Q. 1. What is a "just war?"
A. 1. Three of the basic conditions of a just war are:
- One that is waged as a last resort. All non-violent options must be exhausted before the use of force can be justified.
- One that can be fought to redress a wrong suffered. For example, self-defense against an armed attack is always considered to be a just cause. Further, a just war can only be fought with "right" intentions: the only permissible objective of a just war is to redress the injury.
- A war can only be just if it is fought with a reasonable chance of success. Deaths and injury incurred in a hopeless cause are not morally justifiable.
Q. 2. What does the Catholic Church teach about a Just War?
A. 2. In the Catechism of the Catholic Church, # 2309, it states:
"The strict conditions for legitimate defense by military force require rigorous consideration. The gravity of such a decision makes it subject to rigorous conditions of moral legitimacy. At one and the same time:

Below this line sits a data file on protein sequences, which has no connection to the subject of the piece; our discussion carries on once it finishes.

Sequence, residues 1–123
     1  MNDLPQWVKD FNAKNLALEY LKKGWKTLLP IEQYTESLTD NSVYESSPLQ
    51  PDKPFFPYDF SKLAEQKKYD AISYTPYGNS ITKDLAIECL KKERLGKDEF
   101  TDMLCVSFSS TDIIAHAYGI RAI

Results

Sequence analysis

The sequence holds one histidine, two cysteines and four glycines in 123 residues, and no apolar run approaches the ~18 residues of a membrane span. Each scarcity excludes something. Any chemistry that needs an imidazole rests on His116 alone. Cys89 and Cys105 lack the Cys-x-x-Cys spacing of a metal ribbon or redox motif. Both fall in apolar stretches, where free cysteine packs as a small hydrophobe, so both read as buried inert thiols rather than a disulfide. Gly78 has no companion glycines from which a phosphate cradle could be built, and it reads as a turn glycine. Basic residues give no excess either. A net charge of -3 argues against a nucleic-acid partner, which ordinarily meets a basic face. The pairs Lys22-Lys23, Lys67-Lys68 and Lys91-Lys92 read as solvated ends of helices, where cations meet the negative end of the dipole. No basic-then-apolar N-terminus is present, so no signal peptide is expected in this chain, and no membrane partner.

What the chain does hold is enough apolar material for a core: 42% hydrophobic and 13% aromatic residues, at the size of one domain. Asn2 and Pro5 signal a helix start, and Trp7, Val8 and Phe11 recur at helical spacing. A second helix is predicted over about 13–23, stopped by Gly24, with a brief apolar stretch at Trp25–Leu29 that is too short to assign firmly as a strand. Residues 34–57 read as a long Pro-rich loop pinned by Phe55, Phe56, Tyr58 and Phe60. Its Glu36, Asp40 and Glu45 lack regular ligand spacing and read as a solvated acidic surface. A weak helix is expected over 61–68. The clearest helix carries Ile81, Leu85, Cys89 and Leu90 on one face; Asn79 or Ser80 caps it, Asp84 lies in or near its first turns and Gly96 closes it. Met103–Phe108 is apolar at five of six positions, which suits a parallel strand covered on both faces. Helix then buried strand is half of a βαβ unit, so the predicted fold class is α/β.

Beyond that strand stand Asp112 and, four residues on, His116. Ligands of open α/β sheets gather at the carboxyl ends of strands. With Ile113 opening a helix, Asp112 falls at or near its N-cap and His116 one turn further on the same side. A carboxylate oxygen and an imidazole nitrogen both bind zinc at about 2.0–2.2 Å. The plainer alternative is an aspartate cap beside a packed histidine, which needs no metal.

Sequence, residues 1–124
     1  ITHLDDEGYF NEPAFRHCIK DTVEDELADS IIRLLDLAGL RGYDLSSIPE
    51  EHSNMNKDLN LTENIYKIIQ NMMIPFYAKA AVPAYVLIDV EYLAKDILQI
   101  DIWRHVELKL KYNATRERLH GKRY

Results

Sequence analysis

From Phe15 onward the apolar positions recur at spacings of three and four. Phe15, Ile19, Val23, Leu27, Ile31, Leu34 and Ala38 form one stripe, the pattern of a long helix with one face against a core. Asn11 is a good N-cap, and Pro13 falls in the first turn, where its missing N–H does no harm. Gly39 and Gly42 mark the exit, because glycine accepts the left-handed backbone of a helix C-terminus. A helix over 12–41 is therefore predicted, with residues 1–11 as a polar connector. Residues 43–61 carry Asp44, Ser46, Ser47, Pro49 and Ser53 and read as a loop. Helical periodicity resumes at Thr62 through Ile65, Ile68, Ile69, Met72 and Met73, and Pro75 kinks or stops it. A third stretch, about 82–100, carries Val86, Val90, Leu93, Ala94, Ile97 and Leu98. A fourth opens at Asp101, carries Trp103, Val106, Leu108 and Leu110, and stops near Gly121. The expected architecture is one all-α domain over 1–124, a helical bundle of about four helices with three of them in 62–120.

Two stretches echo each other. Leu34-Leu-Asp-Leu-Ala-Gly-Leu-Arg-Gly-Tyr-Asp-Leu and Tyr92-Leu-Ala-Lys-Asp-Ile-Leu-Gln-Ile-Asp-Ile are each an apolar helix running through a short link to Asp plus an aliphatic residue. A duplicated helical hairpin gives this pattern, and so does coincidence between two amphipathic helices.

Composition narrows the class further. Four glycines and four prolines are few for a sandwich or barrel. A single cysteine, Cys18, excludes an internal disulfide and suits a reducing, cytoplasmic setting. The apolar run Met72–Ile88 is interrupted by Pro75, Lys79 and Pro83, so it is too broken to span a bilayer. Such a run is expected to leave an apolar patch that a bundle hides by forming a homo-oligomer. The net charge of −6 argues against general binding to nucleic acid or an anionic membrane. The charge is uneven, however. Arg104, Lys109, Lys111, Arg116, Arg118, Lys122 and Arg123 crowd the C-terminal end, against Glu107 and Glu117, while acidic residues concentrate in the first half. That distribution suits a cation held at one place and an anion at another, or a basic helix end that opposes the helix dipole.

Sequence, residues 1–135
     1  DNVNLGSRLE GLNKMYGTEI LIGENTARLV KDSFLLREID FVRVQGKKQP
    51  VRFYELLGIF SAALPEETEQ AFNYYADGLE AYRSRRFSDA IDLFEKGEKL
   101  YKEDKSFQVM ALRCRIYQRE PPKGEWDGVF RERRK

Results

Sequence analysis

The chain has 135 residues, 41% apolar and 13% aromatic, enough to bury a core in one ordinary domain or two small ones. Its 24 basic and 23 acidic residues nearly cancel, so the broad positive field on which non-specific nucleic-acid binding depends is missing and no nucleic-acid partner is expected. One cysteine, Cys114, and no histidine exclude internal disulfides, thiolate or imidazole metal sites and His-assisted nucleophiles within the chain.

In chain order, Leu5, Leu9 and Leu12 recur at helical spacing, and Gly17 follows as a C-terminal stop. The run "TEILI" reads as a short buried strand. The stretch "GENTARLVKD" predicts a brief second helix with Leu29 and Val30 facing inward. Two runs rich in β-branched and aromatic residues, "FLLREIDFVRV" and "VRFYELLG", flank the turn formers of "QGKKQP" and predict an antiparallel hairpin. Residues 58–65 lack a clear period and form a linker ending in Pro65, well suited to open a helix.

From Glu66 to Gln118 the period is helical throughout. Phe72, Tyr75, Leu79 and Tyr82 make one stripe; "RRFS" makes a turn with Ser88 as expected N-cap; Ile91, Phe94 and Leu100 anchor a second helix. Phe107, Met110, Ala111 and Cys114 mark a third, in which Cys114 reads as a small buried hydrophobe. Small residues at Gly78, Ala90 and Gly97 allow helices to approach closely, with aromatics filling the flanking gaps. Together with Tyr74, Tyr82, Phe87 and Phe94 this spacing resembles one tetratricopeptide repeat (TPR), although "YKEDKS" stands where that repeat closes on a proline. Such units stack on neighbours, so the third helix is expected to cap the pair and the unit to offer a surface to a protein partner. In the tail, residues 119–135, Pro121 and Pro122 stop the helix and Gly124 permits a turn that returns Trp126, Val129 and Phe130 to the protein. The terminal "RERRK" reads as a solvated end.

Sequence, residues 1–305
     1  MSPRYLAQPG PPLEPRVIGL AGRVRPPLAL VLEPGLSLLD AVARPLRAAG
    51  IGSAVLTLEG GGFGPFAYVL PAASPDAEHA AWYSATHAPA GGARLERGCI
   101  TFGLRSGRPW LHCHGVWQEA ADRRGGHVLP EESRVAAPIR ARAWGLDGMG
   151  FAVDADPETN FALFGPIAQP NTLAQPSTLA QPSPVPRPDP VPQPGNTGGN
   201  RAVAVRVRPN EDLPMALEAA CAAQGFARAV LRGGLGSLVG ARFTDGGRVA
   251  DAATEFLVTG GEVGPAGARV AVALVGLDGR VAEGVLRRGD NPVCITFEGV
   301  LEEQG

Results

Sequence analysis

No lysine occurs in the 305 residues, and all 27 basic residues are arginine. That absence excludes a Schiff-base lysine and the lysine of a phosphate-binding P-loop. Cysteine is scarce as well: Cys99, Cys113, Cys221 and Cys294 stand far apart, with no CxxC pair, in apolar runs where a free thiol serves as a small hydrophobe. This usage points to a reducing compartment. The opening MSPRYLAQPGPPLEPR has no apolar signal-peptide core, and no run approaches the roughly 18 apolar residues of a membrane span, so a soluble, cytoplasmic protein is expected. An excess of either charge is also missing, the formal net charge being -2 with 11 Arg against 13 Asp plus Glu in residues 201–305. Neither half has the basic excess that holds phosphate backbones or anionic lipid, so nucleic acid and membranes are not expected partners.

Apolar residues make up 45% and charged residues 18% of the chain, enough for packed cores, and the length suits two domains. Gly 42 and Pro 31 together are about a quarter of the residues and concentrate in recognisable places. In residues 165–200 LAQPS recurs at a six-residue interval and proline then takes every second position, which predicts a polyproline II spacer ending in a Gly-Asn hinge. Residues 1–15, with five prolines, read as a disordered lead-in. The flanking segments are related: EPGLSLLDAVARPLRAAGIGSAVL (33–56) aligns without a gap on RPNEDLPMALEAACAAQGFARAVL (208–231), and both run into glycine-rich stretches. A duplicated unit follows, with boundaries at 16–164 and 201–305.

- the damage inflicted by the aggressor on the nation or community of nations must be lasting, grave, and certain;
- all other means of putting an end to it must have been shown to be impractical or ineffective;
- there must be serious prospects of success;
- the use of arms must not produce evils and disorders graver than the evil to be eliminated.
These are the traditional elements enumerated in what is called the "just war" doctrine.
The evaluation of these conditions for moral legitimacy belongs to the prudential judgment of those who have responsibility for the common good."
Q. 3. Does the Vatican view the wars in Iraq and Afghanistan as just wars?
A. 3. From day one, the Vatican has condemned the invasion of Iraq as an "unjust war." It is no different with the war in Afghanistan. It does not meet the above conditions as a necessity to protect the United States against an invasion.